Tennessee Mental Health Programs
If you’re struggling with depression, you’re not alone in your suffering. World data reports that 264 million people live with depression worldwide, and in the United States around 17.3 million adults reported having at least one major depressive episode in 2017 alone, according to the National Institute of Mental Health. Whether you’ve developed depression recently or have lived with it for years, you may understand how challenging it can be to do simple tasks and get through the day. Many people end up turning to drugs or alcohol to cope with their depression, while some develop depression as a direct result of their addiction.
If you’re living with both depression and a substance use disorder, our caring staff at Chattanooga Recovery Center is here to offer our resources and compassion. We offer programs that focus specifically on treating depression and can be altered to fit your needs, as we understand depression is experienced by every person differently. Dual diagnosis treatment is a necessary step if you wish to recover from mental illness and addiction, and though it may be challenging, our facility is comprised of staff members and residents alike who can stand by your side as you take your next steps towards a healthier life.
Contact our facility online or by phone at (423) 226-5331 to learn more about our treatment programs and therapies. Our holistic approach to treatment allows us to treat every aspect of our residents’ health.
At Chattanooga Recovery Center, we walk alongside you as you work to overcome your addiction to live a sober life.
What is Depression?
Everyone gets sad from time to time, whether it’s after someone they love has passed away or they’re going through a difficult life transition like a divorce or breakup. What makes a person’s sadness clinical depression, however, is when their symptoms continue for weeks or months at a time, eventually stretching into years. People living with depression are also likely to experience more intense manifestations of sadness.
There are several types of depression to be aware of, including:
- Major depressive disorder: Major depression is the most commonly diagnosed form of depression and is characterized by symptoms including an overwhelming feeling of sadness, change in appetite, insomnia or hypersomnia, recurring thoughts of death or suicide, and more. These symptoms must persist for at least two weeks and may impact a person’s social and occupational functions.
- Persistent depressive disorder: Also known as dysthymia, this type of depression is characterized by dark or sad moods that last for most of the day, every day for at least two years. Though the symptoms aren’t as severe as with major depressive disorder, major depressive episodes may occur among people suffering from persistent depressive disorder.
- Postpartum depression: This type of depression occurs among new mothers who are impacted by both the hormonal and physical changes that pregnancy and childbirth bring. Women may also feel overwhelmed by the new responsibilities that come with caring for an infant.
- Seasonal affective disorder: This disorder refers to depression experience during a specific time of year, such as winter, which is known for shorter days and a lack of sunlight. Though SAD may not be a constant presence year-round, people suffering from the disorder can experience the same symptoms as those living with major depressive disorder.
Signs of Depression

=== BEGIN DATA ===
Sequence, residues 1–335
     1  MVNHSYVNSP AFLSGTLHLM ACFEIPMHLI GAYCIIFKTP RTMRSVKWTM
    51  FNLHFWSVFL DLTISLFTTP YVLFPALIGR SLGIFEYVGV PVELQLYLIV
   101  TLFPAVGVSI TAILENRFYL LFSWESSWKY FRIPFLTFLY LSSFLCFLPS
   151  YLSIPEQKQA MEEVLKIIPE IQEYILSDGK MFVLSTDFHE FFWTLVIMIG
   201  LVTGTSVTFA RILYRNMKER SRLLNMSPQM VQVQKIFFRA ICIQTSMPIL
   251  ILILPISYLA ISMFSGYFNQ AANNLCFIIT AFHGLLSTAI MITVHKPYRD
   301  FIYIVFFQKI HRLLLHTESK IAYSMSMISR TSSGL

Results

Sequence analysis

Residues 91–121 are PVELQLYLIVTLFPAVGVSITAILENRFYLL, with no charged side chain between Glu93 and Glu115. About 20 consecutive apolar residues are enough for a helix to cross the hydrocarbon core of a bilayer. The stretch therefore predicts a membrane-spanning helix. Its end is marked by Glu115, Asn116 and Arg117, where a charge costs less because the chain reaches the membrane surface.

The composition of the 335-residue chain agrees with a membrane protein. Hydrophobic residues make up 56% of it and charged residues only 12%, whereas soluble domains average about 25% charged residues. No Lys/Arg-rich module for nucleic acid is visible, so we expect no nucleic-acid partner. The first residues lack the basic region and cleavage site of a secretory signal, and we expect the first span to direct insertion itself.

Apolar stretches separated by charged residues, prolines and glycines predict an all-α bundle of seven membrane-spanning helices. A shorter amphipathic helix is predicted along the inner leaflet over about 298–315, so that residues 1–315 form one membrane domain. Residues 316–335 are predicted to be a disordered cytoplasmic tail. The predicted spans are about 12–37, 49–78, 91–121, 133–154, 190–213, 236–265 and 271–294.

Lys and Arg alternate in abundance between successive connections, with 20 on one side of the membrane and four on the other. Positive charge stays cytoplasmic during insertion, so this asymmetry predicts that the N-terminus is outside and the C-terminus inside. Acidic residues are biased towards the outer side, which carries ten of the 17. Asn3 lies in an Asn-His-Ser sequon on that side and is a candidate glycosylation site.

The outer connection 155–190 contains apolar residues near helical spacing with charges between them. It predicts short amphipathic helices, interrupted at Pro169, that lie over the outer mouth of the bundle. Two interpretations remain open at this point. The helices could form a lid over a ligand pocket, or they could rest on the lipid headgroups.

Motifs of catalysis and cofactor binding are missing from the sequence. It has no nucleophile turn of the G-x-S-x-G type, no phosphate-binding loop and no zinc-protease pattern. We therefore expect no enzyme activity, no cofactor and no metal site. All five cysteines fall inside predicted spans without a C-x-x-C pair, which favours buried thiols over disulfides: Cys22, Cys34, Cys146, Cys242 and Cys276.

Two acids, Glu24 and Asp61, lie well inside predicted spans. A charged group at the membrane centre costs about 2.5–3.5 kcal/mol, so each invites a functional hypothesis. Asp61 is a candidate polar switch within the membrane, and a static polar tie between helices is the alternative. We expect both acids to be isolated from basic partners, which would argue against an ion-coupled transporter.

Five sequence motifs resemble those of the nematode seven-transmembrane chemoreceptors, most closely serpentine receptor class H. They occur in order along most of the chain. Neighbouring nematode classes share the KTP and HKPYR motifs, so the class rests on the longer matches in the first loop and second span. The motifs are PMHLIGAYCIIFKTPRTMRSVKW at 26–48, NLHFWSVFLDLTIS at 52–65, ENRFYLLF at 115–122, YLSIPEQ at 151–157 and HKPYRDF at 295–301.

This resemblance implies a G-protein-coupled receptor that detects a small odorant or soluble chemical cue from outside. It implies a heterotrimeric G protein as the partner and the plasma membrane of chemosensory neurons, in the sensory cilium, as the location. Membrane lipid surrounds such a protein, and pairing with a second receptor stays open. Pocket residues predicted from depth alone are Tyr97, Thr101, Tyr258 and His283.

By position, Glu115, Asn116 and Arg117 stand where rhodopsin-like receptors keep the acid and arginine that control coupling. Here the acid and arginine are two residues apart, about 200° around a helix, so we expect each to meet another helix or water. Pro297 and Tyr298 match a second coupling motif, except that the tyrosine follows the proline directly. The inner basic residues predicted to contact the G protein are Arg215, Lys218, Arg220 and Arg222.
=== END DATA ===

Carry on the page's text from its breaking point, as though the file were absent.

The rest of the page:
- Trouble concentrating
- Feelings of worthlessness, hopelessness
- Overeating or undereating
- Suicidal thoughts or actions
Questions Your Doctor Will Have About Your Symptoms
- When did your symptoms start?
- How severe are ?
- Does your family have a history of mental health or depression?
- Do you have a history of drug or alcohol abuse?
Understanding the Relationship Between Depression & Alcohol
Because of the persistent low moods that depression brings, it makes sense for individuals to search for ways to improve their moods and provide a temporary escape. This is how many people become dependent on drugs, especially alcohol.
Alcohol is known as a mood lifter and can make individuals feel euphoric or relaxed, but it’s also a depressant that acts on the central nervous system to slow down the body. Over time, alcohol abuse can make a person’s depression worse by increasing feelings of fatigue or sadness. At least 30 to 40 percent of people struggling with alcoholism also experience depressive disorders. Alcohol also increases the likelihood and frequency of suicidal thoughts, and because it impairs a person’s judgment, people also living with depression are at a higher risk of attempting suicide.
If you or a loved one are suffering from depression and alcoholism, it’s important to seek help sooner than later. In addition to the increased risk of suicide, people who abuse alcohol over a long period of time require their brains and produce chemical changes in their bodies.
How We Can Help
Chattanooga Recovery Center is known for our holistic methods of addiction treatment. Believing that recovery looks different for everyone, we provide personalized treatment plans for each resident that strive to address every aspect of their health – not just their addiction. We also offer dual diagnosis treatment plans that can treat both addiction and mental health at the same time.
Research shows that medication is much more effective when an individual living with depression is also seeking counseling and behavioral support services. Our team can help you curb your addiction, reconnect with your loved ones, and learn healthy coping mechanisms for your depression.
Call (423) 226-5331 if you’re ready to seek help. At Chattanooga Recovery Center, our team is proud to serve residents throughout Tennessee.